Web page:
Mission Trip to Belize
July 7, 2012
July 10, 2012



Comparison and Reimagining of Pre-destination and Free Will

The argument between whether man has free will or, if all men are predestined by God in all that they do, is an old as the ages argument amongst scholars and men of faith.  Since the beginning of recorded history man has argued which premise is true, free will or pre-destination. This paper will examine and compare the accepted understanding of free will and pre-destination and attempt to reimagine those concepts looking directly at scripture to discover the Biblical stance on free will and pre-destination.  This comparison is an age-old conflict and this conflict, “cuts to the heart of the nature of God and the nature of humans.”[1] To accomplish this reimagining this paper will introduce the new concepts of free-destination and pre-will.

For the purposes of this paper free will is described as mans ability to make every choice in his life that determines action, reason, and thought.  Free will is one hundred percent reliable on mans ability to determine the course and purpose of his own life.  Predestination will be described in this paper as the exact opposite.  Predestined men have no ability to make choices and every action, reason, and thought are predetermined by God and prescribed in eternity.  For the purposes of this paper free will and predestination are polar opposites in every way.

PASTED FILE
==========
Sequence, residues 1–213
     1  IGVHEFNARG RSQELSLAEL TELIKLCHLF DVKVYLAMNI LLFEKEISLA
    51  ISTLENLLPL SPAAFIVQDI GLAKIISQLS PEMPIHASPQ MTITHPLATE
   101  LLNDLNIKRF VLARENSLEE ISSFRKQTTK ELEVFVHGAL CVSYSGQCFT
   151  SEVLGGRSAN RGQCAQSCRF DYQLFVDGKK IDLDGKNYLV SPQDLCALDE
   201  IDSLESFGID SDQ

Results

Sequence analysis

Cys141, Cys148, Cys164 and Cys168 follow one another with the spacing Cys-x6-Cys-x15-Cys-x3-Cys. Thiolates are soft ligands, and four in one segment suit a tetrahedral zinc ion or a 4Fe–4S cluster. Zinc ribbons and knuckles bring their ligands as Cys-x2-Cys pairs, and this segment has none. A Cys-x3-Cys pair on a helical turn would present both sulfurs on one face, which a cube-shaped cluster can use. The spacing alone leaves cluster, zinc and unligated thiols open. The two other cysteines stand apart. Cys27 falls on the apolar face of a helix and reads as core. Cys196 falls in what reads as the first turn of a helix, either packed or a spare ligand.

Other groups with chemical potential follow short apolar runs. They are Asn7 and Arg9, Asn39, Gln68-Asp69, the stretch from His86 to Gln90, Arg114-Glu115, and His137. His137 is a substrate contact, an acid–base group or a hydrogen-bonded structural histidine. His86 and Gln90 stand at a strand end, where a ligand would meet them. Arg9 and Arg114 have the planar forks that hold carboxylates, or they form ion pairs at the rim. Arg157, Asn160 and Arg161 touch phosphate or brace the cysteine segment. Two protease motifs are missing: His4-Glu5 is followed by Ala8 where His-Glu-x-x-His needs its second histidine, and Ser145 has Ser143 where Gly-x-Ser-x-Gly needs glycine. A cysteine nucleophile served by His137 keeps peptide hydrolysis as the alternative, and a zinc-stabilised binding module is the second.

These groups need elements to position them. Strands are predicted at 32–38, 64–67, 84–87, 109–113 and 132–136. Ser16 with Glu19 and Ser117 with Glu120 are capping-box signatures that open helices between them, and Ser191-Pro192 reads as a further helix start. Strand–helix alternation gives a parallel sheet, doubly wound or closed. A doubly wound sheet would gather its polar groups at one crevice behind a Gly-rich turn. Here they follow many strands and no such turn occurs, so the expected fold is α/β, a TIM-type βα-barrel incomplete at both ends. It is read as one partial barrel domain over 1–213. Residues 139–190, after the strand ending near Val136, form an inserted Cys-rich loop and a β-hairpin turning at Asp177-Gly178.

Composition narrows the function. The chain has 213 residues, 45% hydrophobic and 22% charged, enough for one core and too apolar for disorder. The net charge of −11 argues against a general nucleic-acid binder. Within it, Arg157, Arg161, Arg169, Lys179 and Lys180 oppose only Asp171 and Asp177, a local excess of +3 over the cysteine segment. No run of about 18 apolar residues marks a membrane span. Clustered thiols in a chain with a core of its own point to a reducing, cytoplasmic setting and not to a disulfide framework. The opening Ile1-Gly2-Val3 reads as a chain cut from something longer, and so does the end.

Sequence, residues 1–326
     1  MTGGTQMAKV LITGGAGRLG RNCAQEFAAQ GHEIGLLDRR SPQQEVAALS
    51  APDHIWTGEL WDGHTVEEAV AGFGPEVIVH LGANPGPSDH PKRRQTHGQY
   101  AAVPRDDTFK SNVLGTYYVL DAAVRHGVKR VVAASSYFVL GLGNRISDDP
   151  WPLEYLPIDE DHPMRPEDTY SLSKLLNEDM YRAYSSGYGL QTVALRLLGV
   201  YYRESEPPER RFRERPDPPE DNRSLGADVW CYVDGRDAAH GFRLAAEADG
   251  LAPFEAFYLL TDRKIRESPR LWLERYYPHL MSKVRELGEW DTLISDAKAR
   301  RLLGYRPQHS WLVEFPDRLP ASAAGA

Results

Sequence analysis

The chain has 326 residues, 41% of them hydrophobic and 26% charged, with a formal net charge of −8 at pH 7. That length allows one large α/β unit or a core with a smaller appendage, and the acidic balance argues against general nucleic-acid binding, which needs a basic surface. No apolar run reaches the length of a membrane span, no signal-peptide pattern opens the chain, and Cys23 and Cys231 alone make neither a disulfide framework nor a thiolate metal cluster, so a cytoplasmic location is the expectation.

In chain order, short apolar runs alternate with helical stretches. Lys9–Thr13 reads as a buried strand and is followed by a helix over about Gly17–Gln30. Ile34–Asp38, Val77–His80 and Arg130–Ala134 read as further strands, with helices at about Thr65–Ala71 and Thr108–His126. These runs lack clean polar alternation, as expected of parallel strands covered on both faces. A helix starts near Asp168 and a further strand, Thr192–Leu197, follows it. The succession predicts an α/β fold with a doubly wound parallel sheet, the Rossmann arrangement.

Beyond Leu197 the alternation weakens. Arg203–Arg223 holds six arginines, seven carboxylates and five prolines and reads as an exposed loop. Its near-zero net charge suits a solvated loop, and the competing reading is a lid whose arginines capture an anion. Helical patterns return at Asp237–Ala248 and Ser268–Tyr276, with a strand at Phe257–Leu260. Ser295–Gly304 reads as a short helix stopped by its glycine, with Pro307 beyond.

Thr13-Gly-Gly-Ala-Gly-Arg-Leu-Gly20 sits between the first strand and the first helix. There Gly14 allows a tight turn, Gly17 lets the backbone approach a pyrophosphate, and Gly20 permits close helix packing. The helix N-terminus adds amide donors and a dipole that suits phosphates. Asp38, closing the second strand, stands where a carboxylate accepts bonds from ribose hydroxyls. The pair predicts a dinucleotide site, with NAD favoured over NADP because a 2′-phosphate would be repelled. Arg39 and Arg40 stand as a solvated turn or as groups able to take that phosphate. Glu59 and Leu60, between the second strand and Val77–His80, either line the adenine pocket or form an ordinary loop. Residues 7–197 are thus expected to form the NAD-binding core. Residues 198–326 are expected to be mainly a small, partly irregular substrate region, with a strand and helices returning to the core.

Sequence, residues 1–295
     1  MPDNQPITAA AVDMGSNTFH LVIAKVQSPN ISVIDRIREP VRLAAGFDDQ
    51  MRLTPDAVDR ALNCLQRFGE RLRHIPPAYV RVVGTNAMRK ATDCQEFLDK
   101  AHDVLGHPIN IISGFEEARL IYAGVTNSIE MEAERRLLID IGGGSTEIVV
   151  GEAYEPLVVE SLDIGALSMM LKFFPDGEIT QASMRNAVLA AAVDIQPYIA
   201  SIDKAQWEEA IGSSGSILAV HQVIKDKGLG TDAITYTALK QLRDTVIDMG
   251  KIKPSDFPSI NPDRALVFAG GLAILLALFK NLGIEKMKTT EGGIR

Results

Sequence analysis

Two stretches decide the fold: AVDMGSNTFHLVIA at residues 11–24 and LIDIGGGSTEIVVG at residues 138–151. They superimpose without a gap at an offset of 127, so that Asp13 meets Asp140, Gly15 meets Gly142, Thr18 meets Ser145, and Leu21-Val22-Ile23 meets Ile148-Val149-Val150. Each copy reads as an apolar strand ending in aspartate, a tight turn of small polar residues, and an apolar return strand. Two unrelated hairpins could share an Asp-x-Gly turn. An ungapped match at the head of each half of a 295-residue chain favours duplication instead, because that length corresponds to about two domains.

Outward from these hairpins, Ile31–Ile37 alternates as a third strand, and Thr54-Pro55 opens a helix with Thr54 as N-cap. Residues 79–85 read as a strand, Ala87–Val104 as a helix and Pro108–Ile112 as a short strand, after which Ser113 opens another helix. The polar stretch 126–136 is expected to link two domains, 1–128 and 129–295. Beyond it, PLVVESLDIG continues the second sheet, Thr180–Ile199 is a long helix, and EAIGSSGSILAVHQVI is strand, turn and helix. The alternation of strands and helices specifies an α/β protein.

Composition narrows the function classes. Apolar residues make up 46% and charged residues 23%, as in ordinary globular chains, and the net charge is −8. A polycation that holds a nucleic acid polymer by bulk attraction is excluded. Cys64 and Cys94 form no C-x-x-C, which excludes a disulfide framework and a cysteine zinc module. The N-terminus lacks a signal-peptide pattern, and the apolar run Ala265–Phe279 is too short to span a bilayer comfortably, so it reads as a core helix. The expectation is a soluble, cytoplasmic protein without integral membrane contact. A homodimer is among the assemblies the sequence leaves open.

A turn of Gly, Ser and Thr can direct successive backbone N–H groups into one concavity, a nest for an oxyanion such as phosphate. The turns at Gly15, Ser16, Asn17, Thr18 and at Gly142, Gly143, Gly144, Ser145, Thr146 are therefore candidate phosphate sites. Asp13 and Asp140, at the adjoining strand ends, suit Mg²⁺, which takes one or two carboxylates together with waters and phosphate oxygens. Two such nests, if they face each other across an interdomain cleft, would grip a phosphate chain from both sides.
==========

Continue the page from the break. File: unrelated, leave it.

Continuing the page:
It is evident with just a quick reading of the New Testament that pre-destination plays a major role in God’s world.  The Bible is clear in Romans 8 that pre-destination occurs to some extent in our world.  Romans 8:29-30 states, “For those God foreknew he also predestined to be conformed to the image of his Son, that he might be the firstborn among many brothers and sisters. And those he predestined, he also called; those he called, he also justified; those he justified, he also glorified.”  These verses show clear evidence that God uses predestination in our world.  God has foreknowledge of people, he pre-destined their lives, and he pre-destines their glory in the afterlife.  Ephesians 1:5 says that we have been predestined unto adoption as sons through Christ.  1 Corinthians 2:7 says that God predestined his wisdom before the ages. Acts 4:28 states that man has a predestined purpose that is supposed to occur, and Ephesians 1:11 says that we have been predestined to an inheritance.

Without question scripture reveals that pre-destination plays a part in the kingdom of God.  God has pre-destined our world, the only question is how much has God used pre-destination in our world.  Is everything predestined, or is just a select minority of creation predestined?  The pre-destination of a segment of creation would fall better under the description of “election”.


Election is described as the predestination of an individual or group of individuals for the purposes of this paper.  This election is a foreknowledge and foreordainment of these persons for a particular role, title, relationship, or eternal inheritance.  Election is a unique concept to the New Testament, but it builds upon the preordination of the Old Testament. Election is evidenced in scripture in God’s relationship to both individuals and groups of individuals.  God’s “chosen” people were the Israelites.  In essence God’s use of election is God’s ability to have his preselected favorites amongst his creation.   There is a glaring example of God playing favorites in the story of Jacob and Esau.  Malachi 1:2-3 states that God loved Jacob but hated Esau as his enemy.  This story is an obvious story of God choosing to elect Jacob to a greater purpose and the same time electing Esau to be His enemy.